Ancient DNA offers new view on saber-toothed cats' past
Researchers who've analyzed the complete mitochondrial genomes from ancient samples representing two species of saber-toothed cats have a new take on the animals' history over the last 50,000 years. The data suggest that the saber-toothed cats shared a common ancestor with all living cat-like species about 20 million years ago. The two saber-toothed cat species under study diverged from each other about 18 million years ago.
"It's quite crazy that, in terms of their mitochondrial DNA, these two saber-toothed cats are more distant from each other than tigers are from house cats," says Johanna Paijmans at the University of Potsdam in Germany.
Paijmans and colleagues reconstructed the mitochondrial genomes from ancient-DNA samples representing three Homotherium from Europe and North America and one Smilodon specimen from South America. One of the Homotherium specimens under investigation is a unique fossil: a 28,000-year-old mandible recovered from the North Sea.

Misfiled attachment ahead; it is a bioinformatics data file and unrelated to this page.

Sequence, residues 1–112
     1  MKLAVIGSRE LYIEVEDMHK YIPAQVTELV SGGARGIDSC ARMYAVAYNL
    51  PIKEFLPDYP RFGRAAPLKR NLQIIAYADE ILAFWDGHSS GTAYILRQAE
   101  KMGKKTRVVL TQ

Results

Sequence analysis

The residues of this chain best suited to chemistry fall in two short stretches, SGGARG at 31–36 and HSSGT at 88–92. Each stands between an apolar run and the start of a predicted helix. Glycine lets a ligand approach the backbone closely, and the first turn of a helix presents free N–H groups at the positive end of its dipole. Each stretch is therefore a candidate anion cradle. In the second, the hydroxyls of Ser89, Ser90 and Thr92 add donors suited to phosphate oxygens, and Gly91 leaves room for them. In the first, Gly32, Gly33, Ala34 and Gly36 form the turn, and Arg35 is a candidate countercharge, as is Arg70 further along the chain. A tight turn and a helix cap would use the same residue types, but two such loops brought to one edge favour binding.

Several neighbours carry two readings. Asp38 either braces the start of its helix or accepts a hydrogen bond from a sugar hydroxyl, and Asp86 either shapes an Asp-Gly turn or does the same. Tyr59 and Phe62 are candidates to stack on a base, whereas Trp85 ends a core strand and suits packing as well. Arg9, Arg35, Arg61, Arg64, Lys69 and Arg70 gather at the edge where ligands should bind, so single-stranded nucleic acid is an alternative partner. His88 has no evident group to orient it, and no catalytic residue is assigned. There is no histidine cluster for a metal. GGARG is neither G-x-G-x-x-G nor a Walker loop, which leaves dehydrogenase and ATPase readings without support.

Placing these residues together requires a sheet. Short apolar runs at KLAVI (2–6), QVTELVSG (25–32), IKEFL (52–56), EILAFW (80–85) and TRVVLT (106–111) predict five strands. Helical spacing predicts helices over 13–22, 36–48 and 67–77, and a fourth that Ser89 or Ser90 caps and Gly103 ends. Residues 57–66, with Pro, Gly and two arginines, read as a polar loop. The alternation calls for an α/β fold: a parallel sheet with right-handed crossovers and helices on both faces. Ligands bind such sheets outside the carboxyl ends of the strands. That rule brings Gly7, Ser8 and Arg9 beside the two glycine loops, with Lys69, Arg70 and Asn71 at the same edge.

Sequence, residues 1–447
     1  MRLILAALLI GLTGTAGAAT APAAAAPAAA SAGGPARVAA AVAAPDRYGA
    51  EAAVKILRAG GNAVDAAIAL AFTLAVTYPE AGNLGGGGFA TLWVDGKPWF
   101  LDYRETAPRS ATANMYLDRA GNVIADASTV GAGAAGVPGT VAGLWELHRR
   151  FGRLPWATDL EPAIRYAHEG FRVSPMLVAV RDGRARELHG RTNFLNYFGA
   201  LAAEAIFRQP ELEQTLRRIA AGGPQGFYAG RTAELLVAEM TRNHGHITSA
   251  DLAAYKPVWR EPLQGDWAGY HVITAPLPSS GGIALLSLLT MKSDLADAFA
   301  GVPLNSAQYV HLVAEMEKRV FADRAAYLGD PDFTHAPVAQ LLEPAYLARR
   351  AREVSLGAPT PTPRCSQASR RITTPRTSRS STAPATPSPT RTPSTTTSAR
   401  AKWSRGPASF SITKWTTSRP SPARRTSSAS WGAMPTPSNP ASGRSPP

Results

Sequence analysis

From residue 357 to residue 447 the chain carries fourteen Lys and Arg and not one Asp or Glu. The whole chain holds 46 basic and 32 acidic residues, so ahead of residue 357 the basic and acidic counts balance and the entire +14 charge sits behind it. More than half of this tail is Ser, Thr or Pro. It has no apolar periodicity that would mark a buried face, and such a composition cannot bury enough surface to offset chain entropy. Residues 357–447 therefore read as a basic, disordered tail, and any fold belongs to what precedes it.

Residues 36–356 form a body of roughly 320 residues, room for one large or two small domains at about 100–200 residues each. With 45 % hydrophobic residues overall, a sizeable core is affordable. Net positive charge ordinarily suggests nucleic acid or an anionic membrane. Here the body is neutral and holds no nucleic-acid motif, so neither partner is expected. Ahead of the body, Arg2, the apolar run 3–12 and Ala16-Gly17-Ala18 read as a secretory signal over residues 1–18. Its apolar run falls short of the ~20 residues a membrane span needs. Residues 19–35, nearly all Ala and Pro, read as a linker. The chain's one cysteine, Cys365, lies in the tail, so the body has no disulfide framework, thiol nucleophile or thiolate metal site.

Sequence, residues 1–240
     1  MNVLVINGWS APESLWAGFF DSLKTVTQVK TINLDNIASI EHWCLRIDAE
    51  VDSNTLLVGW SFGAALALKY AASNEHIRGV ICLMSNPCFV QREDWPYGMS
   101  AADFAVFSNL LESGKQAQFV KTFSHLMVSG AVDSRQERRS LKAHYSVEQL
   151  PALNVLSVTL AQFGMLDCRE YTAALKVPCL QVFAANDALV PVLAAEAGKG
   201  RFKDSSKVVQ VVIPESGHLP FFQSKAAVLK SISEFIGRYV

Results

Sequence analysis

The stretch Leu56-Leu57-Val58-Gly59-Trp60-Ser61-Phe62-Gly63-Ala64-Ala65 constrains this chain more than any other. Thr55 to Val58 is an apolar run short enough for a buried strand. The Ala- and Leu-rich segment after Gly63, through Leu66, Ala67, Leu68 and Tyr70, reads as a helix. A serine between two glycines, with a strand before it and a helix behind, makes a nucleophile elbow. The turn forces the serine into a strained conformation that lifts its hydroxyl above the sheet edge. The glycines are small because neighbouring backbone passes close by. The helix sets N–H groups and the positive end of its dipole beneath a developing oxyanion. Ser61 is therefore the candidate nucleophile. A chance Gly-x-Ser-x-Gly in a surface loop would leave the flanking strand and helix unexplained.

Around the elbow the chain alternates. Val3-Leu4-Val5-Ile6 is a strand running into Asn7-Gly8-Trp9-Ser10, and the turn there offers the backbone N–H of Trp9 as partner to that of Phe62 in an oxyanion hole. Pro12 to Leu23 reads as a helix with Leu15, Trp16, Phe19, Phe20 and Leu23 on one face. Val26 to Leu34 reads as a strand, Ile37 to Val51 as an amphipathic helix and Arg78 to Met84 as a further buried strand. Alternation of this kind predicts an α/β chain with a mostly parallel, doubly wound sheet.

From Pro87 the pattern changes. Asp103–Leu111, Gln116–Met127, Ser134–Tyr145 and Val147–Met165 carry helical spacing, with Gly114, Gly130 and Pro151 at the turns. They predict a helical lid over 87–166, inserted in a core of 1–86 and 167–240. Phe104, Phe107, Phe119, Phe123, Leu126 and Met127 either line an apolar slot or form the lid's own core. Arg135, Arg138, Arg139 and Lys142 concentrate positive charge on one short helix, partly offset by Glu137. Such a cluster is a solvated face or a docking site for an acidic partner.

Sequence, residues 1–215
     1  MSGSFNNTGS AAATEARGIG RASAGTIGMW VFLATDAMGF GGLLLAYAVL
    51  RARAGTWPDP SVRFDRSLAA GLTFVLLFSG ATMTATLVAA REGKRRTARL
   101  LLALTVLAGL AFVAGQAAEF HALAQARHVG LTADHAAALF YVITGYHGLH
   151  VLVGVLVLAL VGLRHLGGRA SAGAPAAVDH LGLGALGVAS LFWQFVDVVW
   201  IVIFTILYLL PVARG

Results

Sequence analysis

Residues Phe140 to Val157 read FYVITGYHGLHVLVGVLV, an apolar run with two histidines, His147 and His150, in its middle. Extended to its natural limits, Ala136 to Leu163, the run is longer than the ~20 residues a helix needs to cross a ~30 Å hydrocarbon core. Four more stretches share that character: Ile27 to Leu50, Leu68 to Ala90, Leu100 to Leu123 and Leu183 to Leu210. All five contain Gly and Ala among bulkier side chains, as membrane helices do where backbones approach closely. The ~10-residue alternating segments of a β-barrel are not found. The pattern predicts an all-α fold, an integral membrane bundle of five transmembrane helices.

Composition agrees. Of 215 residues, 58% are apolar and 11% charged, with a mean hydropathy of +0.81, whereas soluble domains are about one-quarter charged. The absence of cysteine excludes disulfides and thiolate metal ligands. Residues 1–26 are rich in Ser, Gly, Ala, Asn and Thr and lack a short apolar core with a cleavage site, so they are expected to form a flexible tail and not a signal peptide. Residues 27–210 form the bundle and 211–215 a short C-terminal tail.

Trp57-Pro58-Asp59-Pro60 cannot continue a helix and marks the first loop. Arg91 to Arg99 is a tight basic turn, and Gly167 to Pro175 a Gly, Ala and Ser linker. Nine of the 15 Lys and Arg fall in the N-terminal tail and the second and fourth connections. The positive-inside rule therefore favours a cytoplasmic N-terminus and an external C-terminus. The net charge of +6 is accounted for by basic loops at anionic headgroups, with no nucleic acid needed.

"This find was so special because Homotherium is generally believed to have gone extinct in Europe around 300,000 years ago, so [this specimen is] over 200,000 years younger than the next-to-youngest Homotherium find in Europe," Paijmans explains.
The new DNA evidence confirmed that this surprisingly young specimen did indeed belong to a Homotherium. The discovery suggests that the saber-toothed cats continued to live in Europe much more recently than scientists previously thought.
"When the first anatomically modern humans migrated to Europe, there may have been a saber-toothed cat waiting for them," Paijmans says.
The finding raises new questions about how and why the saber-toothed cats went extinct. Paijmans says they are now interested in studying DNA from other samples of saber-toothed cats. Although it will be technically challenging, they also hope to recover and analyze DNA from much older Homotherium specimens.